When freezing your eggs does not work: What women should know

"It’s certainly not an insurance policy."

Angela Herrera, of Boston, always knew she wanted to have children.

While she waited for the life partner she wanted to have a child with, Herrera saved money knowing she wanted to freeze her eggs.

Four years ago, at age 43, Herrera did two cycles of egg freezing, spending about $50,000 total, a higher-than-normal figure due to her age.

This past December, Herrera and her now-fiancé tried to get pregnant using her frozen eggs.

“Every morning I got a phone call saying, ‘One is gone,’ and by the end of the week they called and said they were all gone,” Herrera, now 47, told “Good Morning America.” “That was a moment I’ll never forget because it was like being told your child is dead.”

Nearly as traumatic for Herrera was having to explain her situation to friends and family who she said couldn't understand her grief and lost confidence.

"It devastatingly affects your confidence," said Herrera, who took a leave from work. "It's hard for some people to understand, but when you go through something like this, it's just as much grief and darkness because the child you thought you could have is gone."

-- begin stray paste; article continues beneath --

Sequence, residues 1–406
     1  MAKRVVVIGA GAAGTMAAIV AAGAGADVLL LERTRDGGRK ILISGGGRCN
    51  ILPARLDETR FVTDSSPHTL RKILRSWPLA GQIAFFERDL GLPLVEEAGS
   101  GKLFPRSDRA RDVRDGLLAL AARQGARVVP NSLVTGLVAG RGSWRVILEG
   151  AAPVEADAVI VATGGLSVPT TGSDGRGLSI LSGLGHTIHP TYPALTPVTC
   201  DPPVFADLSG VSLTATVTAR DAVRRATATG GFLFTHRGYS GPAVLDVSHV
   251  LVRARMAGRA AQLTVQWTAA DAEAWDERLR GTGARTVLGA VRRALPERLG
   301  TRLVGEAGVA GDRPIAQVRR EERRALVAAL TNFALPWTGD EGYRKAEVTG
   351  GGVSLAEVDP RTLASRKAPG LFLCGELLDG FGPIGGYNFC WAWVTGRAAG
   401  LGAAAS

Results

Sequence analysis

Women like Herrera are the faces of an often untold story in fertility treatments, when frozen eggs do not result in pregnancies. It's a story that experts say needs to be told as egg freezing becomes cheaper and more accessible and attractive to women who want to make sure they can get pregnant later in life, on their own terms.

The chances of becoming pregnant after a frozen egg is implanted are roughly 30 to 60 percent, according to the Mayo Clinic, a national medical practice research group in Rochester, Minnesota. This figure can be affected by multiple factors, including a woman's age.

The reality that not all women become moms after egg freezing was highlighted in a New York Times opinion piece this summer titled, "Don't Put All Your (Frozen) Eggs In One Basket."

"I was very happy actually to read that editorial because I thought it was a long time in coming," said Dr. Elizabeth Ginsburg, medical director of the Assisted Reproductive Technologies Program at the Brigham and Women’s Hospital in Boston. "There’s certainly far from a guarantee that you’re going to have a baby when you freeze your eggs."

Some have compared egg freezing to an "insurance policy" for getting pregnant at a future time, a comparison Dr. Ginsburg finds problematic.

"I think the terminology that's been used is really deceptive," she said. "It’s certainly not an insurance policy and it really bothers me when I hear people refer to it as that."